Going back into the old ancestral lines, there is ample documentary evidence to prove that the Lucases descended from a long line of Saxon barons, who were among the first to accept the Lutheran reformation, and, although the more immediate ancestors married into a family of Irish Catholics, Mr. Lucas' father never yielded one jot of his Protestantism, but was himself a stout Presbyterian with all that word implied a hundred years ago.
Samuel Lucas, the father, was born in Franklin county, Pennsylvania, April 10, 1778, and was a farmer and a school teacher. He voted for Thomas Jefferson, James Madison, James Monroe, Andrew Jackson and Martin Van Buren. He served eighteen months in the war against Great Britain in 1812-15.
Mr. Albert G. Lucas, who is the only living representative of his parents' large family, was reared in Pennsylvania mostly, and began his education as a child, both parents taking part in his instruction and thus supplementing the meager work of the public schools. At his sixteenth year he was considered competent to teach, a pursuit which he entered upon in Clarion county, Pennsylvania, beginning February 14, 1839, and he taught every winter and some in the summers until the winter of 1850. In March of the latter year he graduated in medicine at Philadelphia, and in the April following took up practice. He continued to pursue his studies, literary and otherwise, with unremitting ardor till in 1878, when the faculty and management of Abingdon College, Illinois, saw fit to bestow upon him the honorary degree of "Magister in Artibus." He also holds two state teacher's certificates, one for Illinois and one for Missouri, and by hard study and honest industry attained the degrees of M. D. and A. M.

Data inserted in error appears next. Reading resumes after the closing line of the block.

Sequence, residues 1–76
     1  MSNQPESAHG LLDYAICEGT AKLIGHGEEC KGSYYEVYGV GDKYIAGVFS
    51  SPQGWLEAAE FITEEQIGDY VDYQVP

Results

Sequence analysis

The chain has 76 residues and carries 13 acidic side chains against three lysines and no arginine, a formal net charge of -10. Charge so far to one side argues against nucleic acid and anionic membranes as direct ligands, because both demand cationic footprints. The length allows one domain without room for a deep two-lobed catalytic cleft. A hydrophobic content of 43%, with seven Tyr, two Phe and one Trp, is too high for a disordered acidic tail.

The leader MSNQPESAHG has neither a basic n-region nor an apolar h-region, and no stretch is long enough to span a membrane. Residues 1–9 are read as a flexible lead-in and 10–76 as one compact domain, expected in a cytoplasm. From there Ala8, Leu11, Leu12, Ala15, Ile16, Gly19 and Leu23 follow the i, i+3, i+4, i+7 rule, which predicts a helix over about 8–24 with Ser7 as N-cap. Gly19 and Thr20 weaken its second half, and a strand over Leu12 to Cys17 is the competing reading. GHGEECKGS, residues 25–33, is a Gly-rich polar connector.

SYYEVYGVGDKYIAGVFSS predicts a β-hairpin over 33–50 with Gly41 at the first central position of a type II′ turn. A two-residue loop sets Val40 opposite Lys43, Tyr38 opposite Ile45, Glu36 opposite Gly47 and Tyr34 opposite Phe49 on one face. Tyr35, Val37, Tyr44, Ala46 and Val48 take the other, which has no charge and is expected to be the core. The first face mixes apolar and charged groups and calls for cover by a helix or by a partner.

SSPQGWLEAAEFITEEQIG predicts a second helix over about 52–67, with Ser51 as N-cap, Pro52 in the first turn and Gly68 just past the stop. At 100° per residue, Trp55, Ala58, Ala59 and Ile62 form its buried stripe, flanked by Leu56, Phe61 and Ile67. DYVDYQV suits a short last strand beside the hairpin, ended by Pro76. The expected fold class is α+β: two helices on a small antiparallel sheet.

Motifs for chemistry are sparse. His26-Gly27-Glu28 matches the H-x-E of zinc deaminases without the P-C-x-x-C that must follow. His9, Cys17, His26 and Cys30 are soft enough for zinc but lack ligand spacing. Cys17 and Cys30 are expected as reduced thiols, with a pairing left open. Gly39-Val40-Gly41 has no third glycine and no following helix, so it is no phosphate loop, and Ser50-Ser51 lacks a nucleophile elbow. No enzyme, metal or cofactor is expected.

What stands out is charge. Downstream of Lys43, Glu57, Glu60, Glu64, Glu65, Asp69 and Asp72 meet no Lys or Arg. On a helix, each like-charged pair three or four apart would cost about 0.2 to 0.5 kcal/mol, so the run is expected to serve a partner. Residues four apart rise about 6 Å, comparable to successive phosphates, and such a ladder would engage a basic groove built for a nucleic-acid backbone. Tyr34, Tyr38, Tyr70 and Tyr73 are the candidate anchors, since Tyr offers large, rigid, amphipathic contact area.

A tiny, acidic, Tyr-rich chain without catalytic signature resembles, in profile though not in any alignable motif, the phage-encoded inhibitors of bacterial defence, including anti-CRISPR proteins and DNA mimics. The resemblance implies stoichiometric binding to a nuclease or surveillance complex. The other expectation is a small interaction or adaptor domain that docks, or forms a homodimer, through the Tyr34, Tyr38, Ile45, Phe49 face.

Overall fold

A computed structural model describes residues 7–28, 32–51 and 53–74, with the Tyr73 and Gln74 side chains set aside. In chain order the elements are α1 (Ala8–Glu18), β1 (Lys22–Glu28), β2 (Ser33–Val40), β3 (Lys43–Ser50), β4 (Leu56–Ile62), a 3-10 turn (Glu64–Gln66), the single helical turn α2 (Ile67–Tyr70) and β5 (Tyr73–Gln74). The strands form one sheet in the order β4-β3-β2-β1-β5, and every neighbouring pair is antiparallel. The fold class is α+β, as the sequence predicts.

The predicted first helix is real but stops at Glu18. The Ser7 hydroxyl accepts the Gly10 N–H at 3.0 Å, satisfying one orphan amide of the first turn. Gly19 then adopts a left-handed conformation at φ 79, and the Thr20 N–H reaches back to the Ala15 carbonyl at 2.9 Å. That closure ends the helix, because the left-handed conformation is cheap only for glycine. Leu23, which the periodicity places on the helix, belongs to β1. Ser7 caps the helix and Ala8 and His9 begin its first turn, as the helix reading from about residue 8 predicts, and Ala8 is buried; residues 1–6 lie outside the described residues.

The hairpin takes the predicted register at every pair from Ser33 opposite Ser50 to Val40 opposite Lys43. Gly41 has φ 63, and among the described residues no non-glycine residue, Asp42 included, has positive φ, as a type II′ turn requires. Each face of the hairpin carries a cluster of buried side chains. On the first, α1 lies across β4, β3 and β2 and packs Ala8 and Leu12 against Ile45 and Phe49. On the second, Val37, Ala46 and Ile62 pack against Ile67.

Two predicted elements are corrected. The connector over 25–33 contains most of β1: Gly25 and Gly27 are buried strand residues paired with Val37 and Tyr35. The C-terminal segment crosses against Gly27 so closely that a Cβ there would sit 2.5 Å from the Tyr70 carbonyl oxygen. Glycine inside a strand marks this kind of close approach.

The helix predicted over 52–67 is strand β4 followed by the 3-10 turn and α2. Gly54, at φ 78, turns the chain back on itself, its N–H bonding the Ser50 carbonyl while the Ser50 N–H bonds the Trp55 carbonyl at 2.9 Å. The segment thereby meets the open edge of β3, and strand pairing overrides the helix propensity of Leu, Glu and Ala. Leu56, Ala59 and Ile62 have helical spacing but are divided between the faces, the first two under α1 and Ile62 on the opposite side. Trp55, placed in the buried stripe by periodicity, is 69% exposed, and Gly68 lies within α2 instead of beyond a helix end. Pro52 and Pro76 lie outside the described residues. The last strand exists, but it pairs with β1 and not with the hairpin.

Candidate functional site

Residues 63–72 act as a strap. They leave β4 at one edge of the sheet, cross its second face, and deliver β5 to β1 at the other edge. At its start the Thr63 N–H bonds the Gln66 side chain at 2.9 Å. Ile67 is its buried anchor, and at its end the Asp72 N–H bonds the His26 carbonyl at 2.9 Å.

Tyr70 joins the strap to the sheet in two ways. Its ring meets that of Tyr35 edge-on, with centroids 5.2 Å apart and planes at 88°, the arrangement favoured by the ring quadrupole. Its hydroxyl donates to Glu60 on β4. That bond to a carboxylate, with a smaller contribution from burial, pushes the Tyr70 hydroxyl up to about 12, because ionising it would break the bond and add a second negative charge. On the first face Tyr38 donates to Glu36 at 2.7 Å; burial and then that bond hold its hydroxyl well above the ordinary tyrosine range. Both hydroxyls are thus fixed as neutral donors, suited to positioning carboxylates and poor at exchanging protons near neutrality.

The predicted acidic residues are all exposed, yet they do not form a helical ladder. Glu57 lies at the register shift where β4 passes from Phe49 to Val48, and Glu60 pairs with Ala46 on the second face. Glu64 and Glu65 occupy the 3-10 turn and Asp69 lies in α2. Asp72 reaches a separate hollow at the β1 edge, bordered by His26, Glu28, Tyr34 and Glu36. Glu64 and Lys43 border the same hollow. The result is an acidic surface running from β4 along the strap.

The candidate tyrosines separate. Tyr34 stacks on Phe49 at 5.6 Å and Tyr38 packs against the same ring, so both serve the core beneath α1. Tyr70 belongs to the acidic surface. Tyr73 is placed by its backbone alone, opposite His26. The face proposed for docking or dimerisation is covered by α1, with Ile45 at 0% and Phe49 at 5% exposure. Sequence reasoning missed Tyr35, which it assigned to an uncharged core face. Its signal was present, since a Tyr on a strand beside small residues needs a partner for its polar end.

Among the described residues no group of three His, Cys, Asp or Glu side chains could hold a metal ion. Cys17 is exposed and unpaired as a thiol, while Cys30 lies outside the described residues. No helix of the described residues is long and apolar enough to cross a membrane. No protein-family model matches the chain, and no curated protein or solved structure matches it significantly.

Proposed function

At the outset of his career for a year or so he was inclined to ramble, incidentally forming habits of intemperance, which, indeed, he inherited to a great extent, it being customary in those days to drink on all public occasions and also in the family. As already stated, his first step was school teaching, by which he was enabled to continue his studies, and which also gave him an opportunity to study human nature, which he did to the extent of his ability. His life experience has in fact been a rather checkered one. He began writing for the press when only fourteen years old, and from that time on there was not a year when he did not produce something to appear in print. In 1847 he was engaged as associate editor of the Franklin (Pennsylvania) Gazette, a mildly Whig paper. His productions were all of an anti-slavery cast, and mostly in poetry.
While living in Ohio in the early forties he was married, and he continued to reside in that state until the spring of 1845, when he returned to Pennsylvania, where he lived until the autumn of 1854, engaged in teaching, preaching, and studying medicine and the German and Latin languages. Becoming somewhat disgusted with the uncertainty of the "healing art," he left for Illinois, where he intended to put in his time teaching and preaching. Here he fell in with a homeopathic physician, and soon was convinced that i